Afineevsky said that, while the pope cannot bring attention to those issues through papal travel at the moment, due to COVID-19, he was “so proud that today the movie can continue this mission.”
The Vatican press office has not given any public statement on the film, which made international headlines on Wednesday for including a line from Pope Francis in a video interview calling for the passage of civil union laws for same-sex couples.
Francis’ statement seems to depart from the position of the Vatican’s doctrinal office and the pope’s predecessors on the issue.
Vatican officials were present at the award ceremony, including Paolo Ruffini, prefect of the communications dicastery, and dicastery secretary Msgr. Lucio Adrian Ruiz.
The officials were not available for questions after the award was presented.
Rosetta Sannelli, the award’s creator, said in a press release that “every trip of Pope Francis to various parts of the world is documented in Afineevsky’s work by images and news footage, and reveals itself as an authentic glimpse into the events of our time, a historical work in all respects.”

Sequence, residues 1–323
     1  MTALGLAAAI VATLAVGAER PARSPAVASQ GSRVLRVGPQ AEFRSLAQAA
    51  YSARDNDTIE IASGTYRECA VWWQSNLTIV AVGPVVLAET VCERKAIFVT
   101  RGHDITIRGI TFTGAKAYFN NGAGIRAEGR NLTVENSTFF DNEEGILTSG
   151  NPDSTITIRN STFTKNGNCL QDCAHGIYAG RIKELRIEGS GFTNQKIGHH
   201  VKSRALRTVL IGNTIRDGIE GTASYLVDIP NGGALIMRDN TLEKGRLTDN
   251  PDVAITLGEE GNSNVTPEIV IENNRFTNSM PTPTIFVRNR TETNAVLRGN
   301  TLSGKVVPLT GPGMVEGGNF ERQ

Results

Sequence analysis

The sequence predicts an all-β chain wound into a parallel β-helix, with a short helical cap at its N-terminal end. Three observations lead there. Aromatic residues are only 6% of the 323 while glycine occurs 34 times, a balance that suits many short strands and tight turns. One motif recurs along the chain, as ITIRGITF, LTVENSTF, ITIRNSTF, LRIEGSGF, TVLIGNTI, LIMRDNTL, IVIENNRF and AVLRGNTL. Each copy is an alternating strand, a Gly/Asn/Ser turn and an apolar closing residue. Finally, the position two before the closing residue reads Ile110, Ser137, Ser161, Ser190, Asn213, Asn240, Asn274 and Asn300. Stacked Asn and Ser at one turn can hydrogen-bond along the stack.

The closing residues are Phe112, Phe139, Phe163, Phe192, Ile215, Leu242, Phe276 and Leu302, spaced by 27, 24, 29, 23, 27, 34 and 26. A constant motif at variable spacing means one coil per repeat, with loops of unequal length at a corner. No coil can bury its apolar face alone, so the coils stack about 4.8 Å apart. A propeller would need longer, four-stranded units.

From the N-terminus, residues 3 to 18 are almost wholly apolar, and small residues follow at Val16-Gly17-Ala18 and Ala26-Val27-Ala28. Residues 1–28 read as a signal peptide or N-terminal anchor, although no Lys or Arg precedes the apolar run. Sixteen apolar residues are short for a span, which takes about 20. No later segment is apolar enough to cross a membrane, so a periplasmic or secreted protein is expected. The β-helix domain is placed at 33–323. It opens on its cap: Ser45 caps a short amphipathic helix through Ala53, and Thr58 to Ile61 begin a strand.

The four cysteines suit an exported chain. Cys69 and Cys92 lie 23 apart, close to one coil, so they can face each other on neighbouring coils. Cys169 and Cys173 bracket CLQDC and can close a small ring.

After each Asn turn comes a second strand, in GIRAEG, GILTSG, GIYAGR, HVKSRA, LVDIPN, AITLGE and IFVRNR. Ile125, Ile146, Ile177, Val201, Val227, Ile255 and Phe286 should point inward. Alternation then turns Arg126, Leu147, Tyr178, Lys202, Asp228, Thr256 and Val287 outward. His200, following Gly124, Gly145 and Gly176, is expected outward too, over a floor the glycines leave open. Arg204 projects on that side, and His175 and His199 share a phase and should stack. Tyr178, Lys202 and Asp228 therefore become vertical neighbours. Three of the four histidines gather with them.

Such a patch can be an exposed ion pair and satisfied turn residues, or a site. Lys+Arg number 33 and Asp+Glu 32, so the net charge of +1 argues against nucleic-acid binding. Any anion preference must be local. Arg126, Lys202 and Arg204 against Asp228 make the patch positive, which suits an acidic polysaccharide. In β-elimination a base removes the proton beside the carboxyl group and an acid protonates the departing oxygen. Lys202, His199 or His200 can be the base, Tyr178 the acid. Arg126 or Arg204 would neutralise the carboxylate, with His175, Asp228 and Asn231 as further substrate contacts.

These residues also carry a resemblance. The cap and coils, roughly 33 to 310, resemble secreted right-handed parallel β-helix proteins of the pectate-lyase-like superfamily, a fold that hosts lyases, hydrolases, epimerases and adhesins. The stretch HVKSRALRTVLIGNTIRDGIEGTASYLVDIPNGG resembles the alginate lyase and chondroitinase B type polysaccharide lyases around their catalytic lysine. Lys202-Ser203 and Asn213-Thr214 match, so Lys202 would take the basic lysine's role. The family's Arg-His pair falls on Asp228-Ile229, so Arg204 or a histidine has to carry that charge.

The Kinéo movie prizes are usually awarded at a ceremony in Venice, but Sannelli told EWTN News the Vatican was “the right place” to hold the ceremony recognizing “Francesco,” because “there is the spirituality of the place, of the location that you cannot find anywhere [else].”
She said that she chose the documentary after seeing a lot of submissions, calling it “the sum of humanity in a movie.”
“There is the pope... There is a person who fights against the problems and differences and tragedies of our times,” she continued. “I think that it’s a movie to open our look on the world, not from a Catholic point of view, but from a real point of view. There is a religious, spiritual base, but then you work on the base and you go into real themes of our century.”
The pope “faces real problems” of today, she said.
“Francesco” premiered at the Rome Film Festival Oct. 21, and is due to have its North American premiere on Sunday.
The film chronicles the approach of Pope Francis to pressing social issues, and to pastoral ministry among those who live, in the words of the pontiff, “on the existential peripheries.”
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